In recent years, the waste disposal problem has spurred mounting interest in the biodegradability of polymers & elastomers, especially when the public is voicing greater concern about protecting human health and preserving the quality of our environment. Concerns regarding the environmental impact of solid wastes, recycling and composting options are expected to increase as landfill capacity decreases. Managing waste is thus a challenge facing the global community. With reference to a research rubber waste make up approximately 8 percent of the total waste generated yearly, the tremendous amount of waste produced in general is a significant burden on the environment when considered in measurements more equitable to the impact tons of rubber discarded into landfills yearly.

Given the unique properties of rubber materials, the overall use of rubber for a large number of applications is constantly on the rise and becoming an ever increasing focus of concern. Rubber materials are also of increasing concern, not only in industrialized countries but also in less developed nations, rubber products are everywhere to be found, though few people recognize rubber in all of its applications. Since 1920, demand for rubber manufacturing has been largely dependent on the automobile industry, the biggest consumer of rubber products. With the increase in demands, the manufacturing and use of rubber and the rubber products has increased tremendously both in the developed and less developed countries. The use of rubber in so many applications results in a growing volume of rubber waste.

We need to integrate rubber materials into the natural cycle of biodegradation, an important aspect of any environmental approach to waste disposal as it is becoming more critical to address our solid waste as society grows and our use of rubber products expand. There are three methods considered appropriate, in the environmental sense, to dispose of various rubber wastes; Recycling, Incineration and Biodegradation.

Ultimately, the most interesting avenue of disposal is in landfill disposal and biodegradation of unwanted rubber materials; the ability to effectively biodegrade the wasted material is of paramount importance. Microbial degradation is a natural process by which organic compounds, including rubber polymers are converted by the action of bacteria to simpler compounds, mineralized and redistributed through the elemental cycles. Biodegradation is the biological breakdown of organic compounds by microorganisms into cell biomass and less complex compounds, and ultimately to water, and either carbon dioxide (aerobically) or methane (anaerobically).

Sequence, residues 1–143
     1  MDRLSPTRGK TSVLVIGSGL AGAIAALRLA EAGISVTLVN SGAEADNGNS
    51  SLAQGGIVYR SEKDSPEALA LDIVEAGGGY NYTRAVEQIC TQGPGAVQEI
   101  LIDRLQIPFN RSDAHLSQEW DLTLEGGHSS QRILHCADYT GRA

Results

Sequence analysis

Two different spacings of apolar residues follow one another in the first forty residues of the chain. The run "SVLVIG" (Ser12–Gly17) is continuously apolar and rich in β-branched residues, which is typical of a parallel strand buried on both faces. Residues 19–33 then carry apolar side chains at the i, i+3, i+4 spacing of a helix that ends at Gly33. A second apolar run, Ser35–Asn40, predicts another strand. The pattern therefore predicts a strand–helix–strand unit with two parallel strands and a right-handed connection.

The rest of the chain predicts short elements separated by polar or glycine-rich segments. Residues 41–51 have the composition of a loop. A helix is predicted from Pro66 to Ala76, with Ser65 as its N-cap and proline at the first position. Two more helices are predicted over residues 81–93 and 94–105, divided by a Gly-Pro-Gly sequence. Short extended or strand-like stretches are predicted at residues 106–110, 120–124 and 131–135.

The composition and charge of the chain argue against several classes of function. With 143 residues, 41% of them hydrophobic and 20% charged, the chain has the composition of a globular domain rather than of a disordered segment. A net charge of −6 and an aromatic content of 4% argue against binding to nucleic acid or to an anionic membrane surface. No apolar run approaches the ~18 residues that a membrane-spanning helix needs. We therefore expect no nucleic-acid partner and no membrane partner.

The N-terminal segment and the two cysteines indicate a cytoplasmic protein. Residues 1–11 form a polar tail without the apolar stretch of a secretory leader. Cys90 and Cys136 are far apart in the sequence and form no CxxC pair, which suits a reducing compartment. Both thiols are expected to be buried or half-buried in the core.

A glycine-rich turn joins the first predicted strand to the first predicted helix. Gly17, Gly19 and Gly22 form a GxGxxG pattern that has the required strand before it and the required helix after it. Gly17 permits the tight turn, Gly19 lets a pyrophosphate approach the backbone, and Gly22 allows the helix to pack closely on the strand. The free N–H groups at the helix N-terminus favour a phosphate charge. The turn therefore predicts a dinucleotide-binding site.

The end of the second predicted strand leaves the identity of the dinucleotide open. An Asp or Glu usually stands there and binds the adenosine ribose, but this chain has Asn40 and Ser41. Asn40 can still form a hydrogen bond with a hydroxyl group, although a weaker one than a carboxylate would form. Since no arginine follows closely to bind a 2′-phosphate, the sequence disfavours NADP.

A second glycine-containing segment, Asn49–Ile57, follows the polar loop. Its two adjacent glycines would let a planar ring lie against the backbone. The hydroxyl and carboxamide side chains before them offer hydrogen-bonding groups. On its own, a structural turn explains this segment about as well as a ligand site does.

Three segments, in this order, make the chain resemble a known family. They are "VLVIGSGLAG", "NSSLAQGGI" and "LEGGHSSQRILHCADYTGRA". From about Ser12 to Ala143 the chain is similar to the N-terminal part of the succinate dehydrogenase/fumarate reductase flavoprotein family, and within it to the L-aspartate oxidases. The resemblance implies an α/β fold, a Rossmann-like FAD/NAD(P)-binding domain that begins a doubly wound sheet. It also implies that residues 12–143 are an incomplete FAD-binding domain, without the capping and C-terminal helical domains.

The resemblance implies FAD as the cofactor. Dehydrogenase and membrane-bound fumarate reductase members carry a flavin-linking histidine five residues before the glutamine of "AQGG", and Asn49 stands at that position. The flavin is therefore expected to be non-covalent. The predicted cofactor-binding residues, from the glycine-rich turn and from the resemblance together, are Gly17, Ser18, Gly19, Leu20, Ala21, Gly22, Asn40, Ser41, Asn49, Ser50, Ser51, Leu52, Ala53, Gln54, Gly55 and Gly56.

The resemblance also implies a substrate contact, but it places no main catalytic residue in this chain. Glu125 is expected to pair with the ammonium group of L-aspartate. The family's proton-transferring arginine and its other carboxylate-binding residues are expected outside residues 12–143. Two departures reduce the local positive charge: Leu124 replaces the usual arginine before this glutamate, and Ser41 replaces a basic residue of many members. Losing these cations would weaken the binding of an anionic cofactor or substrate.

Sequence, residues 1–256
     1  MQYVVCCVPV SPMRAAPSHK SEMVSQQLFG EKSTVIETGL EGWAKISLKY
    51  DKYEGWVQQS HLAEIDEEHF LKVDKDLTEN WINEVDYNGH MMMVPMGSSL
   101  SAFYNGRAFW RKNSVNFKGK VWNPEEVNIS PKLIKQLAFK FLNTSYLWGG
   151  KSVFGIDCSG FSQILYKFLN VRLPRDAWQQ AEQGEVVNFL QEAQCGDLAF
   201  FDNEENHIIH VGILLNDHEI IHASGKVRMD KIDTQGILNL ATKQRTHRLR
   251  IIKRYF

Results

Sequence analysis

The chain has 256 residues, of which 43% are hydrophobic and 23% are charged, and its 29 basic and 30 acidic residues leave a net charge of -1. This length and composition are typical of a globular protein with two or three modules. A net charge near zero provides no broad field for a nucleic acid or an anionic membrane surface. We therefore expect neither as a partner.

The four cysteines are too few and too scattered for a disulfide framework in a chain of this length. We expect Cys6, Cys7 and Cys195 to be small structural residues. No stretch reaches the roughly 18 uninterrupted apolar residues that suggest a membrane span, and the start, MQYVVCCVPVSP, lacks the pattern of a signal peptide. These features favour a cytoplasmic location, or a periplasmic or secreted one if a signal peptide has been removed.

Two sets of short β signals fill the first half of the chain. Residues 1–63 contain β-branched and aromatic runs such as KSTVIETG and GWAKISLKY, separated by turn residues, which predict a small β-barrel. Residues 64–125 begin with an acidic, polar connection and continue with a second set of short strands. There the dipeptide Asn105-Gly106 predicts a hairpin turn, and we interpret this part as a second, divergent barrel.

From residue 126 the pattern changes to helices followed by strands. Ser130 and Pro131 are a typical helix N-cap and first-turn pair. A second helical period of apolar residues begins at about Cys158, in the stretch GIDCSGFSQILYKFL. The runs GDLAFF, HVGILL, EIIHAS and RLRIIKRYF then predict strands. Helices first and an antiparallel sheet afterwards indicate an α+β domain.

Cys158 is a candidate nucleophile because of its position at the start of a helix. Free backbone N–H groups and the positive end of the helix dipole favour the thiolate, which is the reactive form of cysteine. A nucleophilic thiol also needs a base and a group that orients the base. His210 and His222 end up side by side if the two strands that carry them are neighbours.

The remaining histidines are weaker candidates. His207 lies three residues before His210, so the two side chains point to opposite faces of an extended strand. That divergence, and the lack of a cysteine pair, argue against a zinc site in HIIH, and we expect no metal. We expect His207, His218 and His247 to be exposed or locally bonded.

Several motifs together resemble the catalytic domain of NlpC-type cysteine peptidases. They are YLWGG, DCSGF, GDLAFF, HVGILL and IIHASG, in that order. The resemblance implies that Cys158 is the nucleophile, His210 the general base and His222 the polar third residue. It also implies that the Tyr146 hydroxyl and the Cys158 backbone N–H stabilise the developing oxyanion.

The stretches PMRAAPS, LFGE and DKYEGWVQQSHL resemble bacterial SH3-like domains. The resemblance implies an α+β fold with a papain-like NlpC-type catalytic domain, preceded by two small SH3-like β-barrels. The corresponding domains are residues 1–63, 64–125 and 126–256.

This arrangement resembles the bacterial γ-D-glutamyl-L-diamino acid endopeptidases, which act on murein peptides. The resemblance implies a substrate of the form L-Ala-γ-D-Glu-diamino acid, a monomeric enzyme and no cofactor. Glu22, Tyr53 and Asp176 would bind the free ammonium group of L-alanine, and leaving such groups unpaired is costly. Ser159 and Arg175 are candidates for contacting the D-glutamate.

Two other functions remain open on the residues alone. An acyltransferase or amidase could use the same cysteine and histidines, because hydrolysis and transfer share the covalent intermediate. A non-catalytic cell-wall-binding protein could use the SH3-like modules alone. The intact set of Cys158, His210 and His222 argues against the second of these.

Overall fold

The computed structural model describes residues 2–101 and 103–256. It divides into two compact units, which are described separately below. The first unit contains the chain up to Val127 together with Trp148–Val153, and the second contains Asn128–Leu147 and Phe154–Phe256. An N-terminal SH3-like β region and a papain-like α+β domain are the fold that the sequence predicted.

Anaerobically biodegradable waste materials offer a unique value proposition when assessing waste management of landfilled materials and most rubbers are either landfilled or incinerated. The biodegrading material reduces in mass – freeing up valuable space in overflowing landfills. The resulting products of biodegradation, (water, carbon dioxide, methane, inert humus, etc.) are non-toxic and revert to the natural cycle. And, the methane produced is a highly valuable energy resource that is quickly gaining favor globally. There is tremendous push from waste management companies as well as municipalities to increase the use of methane to energy. Many companies and municipalities are utilizing the energy produced from methane created by biodegrading landfill waste as a green energy proposition in their overall environmental portfolio.

In conclusion, there is a tremendous need to address the ever growing issue of rubber waste and focus must be put on remediation of these wastes. Complete biodegradation of these materials may be the suitable answer, provided we are able to control the biodegradation in such a way that it does not impact the service life of rubber products. There has been substantial focus in the past as to the inherent biodegradation of natural rubber; and the focus here was to create synthetic biodegradable rubber materials. Testing clearly shows drastic increases in the rate of biodegradation in various synthetic rubbers when treated with the biodegradation being in anaerobic environments offers a unique waste disposal solution.

Additionally, the resulting methane production during the anaerobic biodegradation of these materials is commonly used for energy production to offset traditional energy sources, such as coal burning. This provides a method for reducing waste volume through biodegradation as well as benefiting environmentally for the byproduct of that biodegradation. For manufacturers and brands utilizing rubber materials, this presents an opportunity to provide environmentally focused waste management for the foreseeable future, in a way that requires very little direct action or input other than a slight change in materials.

At Kesaria we have taken the initiative to achieve a sustainable approach in handling of our waste materials in order to make a significant change in the environment by utilizing various techniques to implement biomimicry & achieve zero waste through full biodegradation that integrates in the natural carbon cycle while creating clean energy to offset fossil fuel use hence benefitting us as well as the environment.

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